Organisations across Scotland have been warned to take steps to protect cyber security as systems get back up and running on Monday.
It follows Friday's ransomware attack on NHS computers which affected 13 health bodies in Scotland.
There are fears of more cyber attacks as people begin work after the weekend, although few have been reported so far.
First Minister Nicola Sturgeon told BBC Scotland that patient confidentiality had not been affected.
Speaking on BBC Radio's Good Morning Scotland programme she said she expected computer networks "by and large" to be up and running on Monday morning, but urged organisations to follow government guidance and take appropriate security steps.
"The Scottish government has been coordinating a process over the weekend of contacting round about 120 public sector organisations to make sure that these messages have got out there strongly, but obviously private sector companies are potentially vulnerable as well," the first minister said.
"I think there is a concern that as people switch on their computers on a Monday morning we may see more impact from this virus, but we will be continuing to work as hard as we can to minimise that."
Across Scotland, the security breach disrupted GP surgeries, dental practices and other primary care centres.
Eleven area health boards were affected, as were NHS National Services and the Scottish Ambulance Service.
The impact of the breach was especially felt in NHS Lanarkshire, where doctors at acute hospital sites had to rely on pen and paper to process some patients.
The virus is known as Wanna Decryptor or WannaCry. It locks users' files and demands a $300 (£230) payment to allow access.
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Ms Sturgeon said no patient data had been lost in the ransomware attack.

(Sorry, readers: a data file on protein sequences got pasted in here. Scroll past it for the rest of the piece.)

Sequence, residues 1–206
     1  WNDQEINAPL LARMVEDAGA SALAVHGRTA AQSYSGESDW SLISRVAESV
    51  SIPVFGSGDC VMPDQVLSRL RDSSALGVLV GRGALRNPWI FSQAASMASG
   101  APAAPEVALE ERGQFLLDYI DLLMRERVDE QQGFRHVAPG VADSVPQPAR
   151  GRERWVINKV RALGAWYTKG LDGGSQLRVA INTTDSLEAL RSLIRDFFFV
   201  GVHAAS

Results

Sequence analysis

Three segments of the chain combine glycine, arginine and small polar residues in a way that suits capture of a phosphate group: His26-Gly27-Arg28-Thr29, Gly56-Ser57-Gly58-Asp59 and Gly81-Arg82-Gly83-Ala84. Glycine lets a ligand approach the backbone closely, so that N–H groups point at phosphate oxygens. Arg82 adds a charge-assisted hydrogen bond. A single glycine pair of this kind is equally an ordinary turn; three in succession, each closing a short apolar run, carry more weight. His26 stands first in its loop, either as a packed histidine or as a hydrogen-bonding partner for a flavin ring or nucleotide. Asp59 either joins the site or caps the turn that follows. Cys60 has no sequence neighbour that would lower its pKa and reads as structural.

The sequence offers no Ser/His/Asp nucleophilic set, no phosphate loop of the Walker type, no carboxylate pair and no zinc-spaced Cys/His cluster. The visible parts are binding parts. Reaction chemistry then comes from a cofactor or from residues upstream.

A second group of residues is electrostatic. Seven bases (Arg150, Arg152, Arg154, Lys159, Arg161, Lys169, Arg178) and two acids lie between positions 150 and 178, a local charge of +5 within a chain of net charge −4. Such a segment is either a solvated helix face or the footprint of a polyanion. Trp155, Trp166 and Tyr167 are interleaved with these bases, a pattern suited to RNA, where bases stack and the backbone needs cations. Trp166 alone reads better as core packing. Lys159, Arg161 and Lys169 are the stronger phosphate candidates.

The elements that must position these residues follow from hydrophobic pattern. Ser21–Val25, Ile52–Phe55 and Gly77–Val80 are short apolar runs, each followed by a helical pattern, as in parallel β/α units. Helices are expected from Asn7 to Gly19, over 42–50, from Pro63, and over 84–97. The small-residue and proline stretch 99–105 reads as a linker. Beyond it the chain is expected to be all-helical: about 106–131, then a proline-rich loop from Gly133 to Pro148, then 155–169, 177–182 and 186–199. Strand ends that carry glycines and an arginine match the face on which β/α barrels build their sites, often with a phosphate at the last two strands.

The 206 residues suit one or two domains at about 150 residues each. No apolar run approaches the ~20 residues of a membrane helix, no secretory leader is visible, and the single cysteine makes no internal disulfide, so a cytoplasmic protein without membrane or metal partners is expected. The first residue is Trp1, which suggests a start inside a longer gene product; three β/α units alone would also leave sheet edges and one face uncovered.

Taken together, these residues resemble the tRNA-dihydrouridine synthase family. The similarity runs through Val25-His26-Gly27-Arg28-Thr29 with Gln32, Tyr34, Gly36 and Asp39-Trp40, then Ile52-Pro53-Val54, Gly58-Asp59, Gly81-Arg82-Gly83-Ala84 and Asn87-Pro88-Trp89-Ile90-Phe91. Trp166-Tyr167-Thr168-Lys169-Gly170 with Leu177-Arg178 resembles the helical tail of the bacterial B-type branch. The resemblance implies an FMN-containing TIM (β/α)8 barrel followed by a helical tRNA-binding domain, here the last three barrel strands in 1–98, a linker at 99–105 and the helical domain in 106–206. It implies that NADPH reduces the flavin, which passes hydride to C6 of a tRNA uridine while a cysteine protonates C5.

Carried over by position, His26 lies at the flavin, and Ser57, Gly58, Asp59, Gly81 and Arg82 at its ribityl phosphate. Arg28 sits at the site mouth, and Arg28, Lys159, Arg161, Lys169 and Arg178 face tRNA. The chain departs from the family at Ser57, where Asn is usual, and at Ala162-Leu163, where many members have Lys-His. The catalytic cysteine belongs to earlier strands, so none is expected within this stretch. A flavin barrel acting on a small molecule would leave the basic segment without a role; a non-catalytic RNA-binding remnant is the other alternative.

"One thing that is very important to stress is that there is no evidence that there has been any patient data compromised, so patient confidentiality hasn't been affected, but of course there will have been an impact on patients with some appointments cancelled," she said.
An investigation is under way to identify the cause of the attack and ministers are to convene an extraordinary meeting of the National Cyber Resilience leaders' board on Tuesday to review the response to the breach.
Ms Sturgeon said she was not aware of any ransoms being paid over the cyber attack but said that will be part of the police investigation.
A "range" of Windows operation systems are used by the NHS in Scotland and Ms Sturgeon said there is regular investment in cyber security.
She added: "We invest heavily in cyber resistance. The Scottish Government, in the NHS, invests round about £100m a year. NHS boards will collectively invest a similar amount.
"We expect systems, by and large, to be up and running today, obviously there will be ongoing work to learn lessons about what has happened."
It blamed governments for storing data on software vulnerabilities which could then be accessed by hackers.
Which Scottish NHS organisations were affected by the ransomware attack?